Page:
These days, I get to perform. I get to sing in front of audiences. As an improv actor, my job is to make people laugh. And, when I sing at a show, I assure you, people laugh.

I once thought my singing was a lack of talent. But when I found what I really enjoy doing, I realized that it’s actually a skill for being good at something I love.

And that’s the best talent you could be gifted with.

Various And Sundry 3: Variouser and Sundrier

Random stuff I’m writing about today:

— I was in the Barnes & Noble at the Summit in Birmingham Sunday. For the first time, I got to see a copy of the Smithsonian Atlas of Space Exploration, which includes Homesteading Space in its bibliography of essential spaceflight reading. When I was browing through the humor section, it occured to me that they probably also had The World According to Twitter, and, in fact, they had three copies of it. Amused and intrigued, I pulled out my phone, confirmed they had a copy of it, and went and found Black Men Built the Capitol on the shelf. Even without having a copy of Homesteading, there are three books in that bookstore that have my name in them. That’s kinda cool, and more than a little funny.

— Ole Miss students will be voting today whether to replace Colonel Reb with something else or to “remain the only school in the Southeastern Conference without a mascot.” The vote today is just yea or nay, the exact “something else” with which Colonel Reb would be replaced would be determined later. I wrote about my thoughts on this issue back during football season, and won’t go into all of that again now, other than the fact that I think it’s sad that Ole Miss is gradually losing having any unique character at all. However, I will share this mascot option that I’ve seen posted on Facebook.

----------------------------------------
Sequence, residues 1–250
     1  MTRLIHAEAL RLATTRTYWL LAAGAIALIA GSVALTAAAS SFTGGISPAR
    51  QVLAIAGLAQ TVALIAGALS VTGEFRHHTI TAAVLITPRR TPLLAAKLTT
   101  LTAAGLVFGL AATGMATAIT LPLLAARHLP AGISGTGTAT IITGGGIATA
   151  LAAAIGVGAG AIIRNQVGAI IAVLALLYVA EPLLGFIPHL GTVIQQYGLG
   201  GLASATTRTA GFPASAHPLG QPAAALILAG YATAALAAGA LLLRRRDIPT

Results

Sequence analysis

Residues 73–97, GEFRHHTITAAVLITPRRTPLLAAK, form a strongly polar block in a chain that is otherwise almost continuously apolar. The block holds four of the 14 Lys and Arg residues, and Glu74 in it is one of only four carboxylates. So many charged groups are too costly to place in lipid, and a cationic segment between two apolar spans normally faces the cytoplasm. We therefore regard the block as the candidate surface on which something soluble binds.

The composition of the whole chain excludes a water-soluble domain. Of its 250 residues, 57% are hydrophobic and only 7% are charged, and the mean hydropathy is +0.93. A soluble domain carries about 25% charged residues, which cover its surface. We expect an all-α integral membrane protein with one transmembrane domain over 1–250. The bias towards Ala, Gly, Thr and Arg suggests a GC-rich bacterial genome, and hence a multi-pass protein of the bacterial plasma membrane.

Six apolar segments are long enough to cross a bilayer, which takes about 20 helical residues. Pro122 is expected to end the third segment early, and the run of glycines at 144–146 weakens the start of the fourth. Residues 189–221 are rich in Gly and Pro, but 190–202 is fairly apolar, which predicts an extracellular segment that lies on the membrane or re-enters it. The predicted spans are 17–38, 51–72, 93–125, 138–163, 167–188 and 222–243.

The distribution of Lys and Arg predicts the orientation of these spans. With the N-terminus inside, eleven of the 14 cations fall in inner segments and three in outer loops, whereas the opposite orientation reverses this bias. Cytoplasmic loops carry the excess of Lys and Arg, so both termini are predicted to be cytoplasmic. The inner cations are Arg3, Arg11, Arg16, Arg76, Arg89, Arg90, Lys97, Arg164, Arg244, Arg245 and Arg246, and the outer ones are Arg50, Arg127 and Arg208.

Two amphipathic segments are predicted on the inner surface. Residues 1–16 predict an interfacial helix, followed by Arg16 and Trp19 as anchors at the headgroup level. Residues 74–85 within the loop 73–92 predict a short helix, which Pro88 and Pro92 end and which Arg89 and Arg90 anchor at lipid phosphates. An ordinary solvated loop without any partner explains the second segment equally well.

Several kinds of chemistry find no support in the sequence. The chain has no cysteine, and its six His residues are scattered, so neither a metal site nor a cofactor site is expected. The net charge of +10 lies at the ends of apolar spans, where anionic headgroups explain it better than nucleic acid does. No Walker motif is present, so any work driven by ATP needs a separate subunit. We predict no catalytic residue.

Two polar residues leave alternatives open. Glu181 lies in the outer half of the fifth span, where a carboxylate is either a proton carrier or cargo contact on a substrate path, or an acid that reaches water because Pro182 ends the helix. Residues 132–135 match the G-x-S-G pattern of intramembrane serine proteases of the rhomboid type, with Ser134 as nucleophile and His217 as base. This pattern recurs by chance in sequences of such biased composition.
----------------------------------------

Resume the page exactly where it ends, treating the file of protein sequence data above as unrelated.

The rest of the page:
Best. Trek. Novel. Ever.

— I taught kids again at church on Sunday morning. The materials were different this time; last time I had multiple activities to do with them, this time I was just telling a story. Part of my problem was that I got overconfident. The story was about David and Absalom, and I figured the studying I’ve done of David over the past year would help me, but, really, not so much. I also figured that my improv experience would help me ad lib some funniness that would make me more engaging, but, again, not really. I felt boring, and it was a lousy feeling. Just have to do better next time. And hope for better material.

— I went to the zoo in Birmingham Sunday also. Not that I didn’t have fun, but it was a bit more impressive 30 years ago.

— Stuff Christians Like: The Obligatory Lost Sermon: “But maybe you were unaware of the need to experience an obligatory Lost sermon. Maybe you didn’t even know that was an option. And with the show in its final season, you’re lost as it were with how to properly judge the quality of a Lost sermon. It’s almost as if you need a Lost sermon scorecard.” Now I kinda wish my preacher did this sort of thing.

— I’ve heard versions of this story about three janitors at NASA enough that it may be apocryphal, but I hope not. And it is a good reminder, not only for those of us in the agency, but for life in general.

— Two bits from “Overheard in the Newsroom:

Reporter: “A preacher just lied to me! Isn’t there a commandment against that?” Editor: “Was he Baptist?”

Editor to Reporter at Canadian paper: “Space crap is all the American’s can do right, and they are not even doing that!”

This picture by my coworker Heather may be my favorite thing thus far to come out of the 365project.

— I went to improv rehearsal last night, official improv rehearsal, for the first time in about three months. It was very good to be back. As I’ve mentioned, I’m working in shows Friday and Saturday night, to which you should come, so it was good actually being able to get some rehearsal in before working again this weekend. Probably the biggest thing to come out of the rehearsal was discovering that, even rusty, I’m still competent, though I’m hoping that being back in an actual show again will inspire a bit more than just competence. Last night, I karate-chopped my wife, pitched racist t-shirts, got hypnotized, and became a genius phrenologist via head trauma. All in a good night’s work.